When it comes to lifting a load with a crane, in most cases the operator must decide between using a lifting beam or a spreader bar to properly stabilize and distribute the weight of the object being lifted. Both tools attach to the hook of the crane, but the variation between them is sometimes confusing. The CL of Charlotte website recently published a helpful article that explains the difference.
What is a lifting beam?
A lifting beam is composed of a simple design: a horizontal beam hangs at a single attachment point on the top surface which connects directly to the crane or hoist. Two lugs are located underneath the beam which can be placed in fixed or variable positions. The object to be lifted is attached to the lugs with a hook or sling. The beam is designed to bend slightly at both ends as the object is lifted, thereby causing the stress to be placed on the bottom slings and through the beam itself. Lifting beams are ideal in locations with limited headroom, such as inside a building or underneath a structure.
What is a spreader bar?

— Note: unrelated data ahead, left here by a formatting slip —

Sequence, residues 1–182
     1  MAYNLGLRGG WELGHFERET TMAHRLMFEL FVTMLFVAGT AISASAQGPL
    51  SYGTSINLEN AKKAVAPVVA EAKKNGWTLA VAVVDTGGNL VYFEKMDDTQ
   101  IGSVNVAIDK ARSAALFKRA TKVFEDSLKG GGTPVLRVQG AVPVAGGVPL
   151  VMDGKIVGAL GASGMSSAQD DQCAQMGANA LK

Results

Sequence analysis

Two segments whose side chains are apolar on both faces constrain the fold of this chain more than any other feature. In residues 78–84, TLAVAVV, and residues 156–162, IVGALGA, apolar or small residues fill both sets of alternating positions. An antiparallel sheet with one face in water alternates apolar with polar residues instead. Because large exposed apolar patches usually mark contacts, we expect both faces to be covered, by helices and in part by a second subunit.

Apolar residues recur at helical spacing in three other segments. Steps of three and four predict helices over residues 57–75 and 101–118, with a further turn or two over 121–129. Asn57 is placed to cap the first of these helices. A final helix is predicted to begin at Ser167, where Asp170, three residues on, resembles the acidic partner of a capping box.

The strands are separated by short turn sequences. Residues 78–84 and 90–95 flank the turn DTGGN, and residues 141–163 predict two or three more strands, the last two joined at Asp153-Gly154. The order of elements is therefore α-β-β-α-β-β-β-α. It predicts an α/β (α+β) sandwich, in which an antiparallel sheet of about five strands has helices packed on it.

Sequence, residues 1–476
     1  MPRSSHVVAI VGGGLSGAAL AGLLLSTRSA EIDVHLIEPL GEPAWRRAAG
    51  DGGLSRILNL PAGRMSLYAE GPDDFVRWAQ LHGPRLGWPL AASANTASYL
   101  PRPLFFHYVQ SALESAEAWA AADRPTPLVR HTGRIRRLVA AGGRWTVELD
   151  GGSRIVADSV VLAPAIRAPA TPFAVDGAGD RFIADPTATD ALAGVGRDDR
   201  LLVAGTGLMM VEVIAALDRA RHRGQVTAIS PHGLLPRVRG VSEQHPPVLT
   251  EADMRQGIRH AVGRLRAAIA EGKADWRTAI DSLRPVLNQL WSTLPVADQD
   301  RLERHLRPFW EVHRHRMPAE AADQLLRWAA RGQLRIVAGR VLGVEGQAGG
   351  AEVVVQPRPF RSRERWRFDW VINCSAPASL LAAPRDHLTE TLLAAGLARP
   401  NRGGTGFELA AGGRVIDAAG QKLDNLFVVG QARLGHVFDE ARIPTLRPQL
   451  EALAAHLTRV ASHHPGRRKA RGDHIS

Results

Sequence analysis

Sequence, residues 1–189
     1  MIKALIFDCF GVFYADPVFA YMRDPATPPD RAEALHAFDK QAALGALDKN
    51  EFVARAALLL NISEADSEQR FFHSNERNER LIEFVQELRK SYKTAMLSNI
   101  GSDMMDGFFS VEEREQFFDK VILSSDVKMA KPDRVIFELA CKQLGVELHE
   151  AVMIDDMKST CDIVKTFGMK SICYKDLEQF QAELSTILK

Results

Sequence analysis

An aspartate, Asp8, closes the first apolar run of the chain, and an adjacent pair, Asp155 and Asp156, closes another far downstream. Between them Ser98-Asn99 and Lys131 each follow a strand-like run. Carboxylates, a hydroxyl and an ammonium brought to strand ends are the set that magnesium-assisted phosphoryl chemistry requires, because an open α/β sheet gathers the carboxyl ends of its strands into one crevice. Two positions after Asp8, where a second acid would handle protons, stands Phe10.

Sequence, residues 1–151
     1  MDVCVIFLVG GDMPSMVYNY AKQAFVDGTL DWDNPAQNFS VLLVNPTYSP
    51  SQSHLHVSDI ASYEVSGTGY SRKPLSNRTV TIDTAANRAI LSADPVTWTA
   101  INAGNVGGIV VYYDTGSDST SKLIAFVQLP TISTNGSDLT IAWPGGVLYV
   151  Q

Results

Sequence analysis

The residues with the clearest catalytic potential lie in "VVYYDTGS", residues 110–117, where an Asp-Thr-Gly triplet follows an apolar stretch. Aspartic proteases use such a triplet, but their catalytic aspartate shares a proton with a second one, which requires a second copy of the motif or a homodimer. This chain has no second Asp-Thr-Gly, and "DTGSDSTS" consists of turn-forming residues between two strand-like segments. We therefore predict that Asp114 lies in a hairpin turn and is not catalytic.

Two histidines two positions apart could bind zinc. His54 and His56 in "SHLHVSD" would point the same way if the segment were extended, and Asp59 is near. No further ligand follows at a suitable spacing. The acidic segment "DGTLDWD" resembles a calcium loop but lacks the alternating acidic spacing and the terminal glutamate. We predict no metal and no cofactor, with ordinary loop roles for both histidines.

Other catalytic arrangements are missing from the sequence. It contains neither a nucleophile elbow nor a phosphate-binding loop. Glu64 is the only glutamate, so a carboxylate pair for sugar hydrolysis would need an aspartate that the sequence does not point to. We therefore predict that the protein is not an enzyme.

A spreader bar, also called a spreader beam, is a simple bar that holds two slings apart and distributes the weight over two or more pick points. Two lugs on top of the bar are each attached at an angle with a chain or sling that is connected to the crane. They’re most often used for very wide or heavy loads. The spreader bar is lighter, more compact, and less expensive than a lifting beam, and designed for the weight to be distributed equally across the length of the bar. Forces are compressive instead of bending.
What are the differences between the two?
The design of each of these devices determines how force is transmitted and how it’s used. A lifting beam absorbs most of the stress of the load, while the spreader bar shares that stress with the slings. A lifting beam is simple to use, requires less overhead clearance and rigging but its costs are considerably higher and stability is less than lifting beams.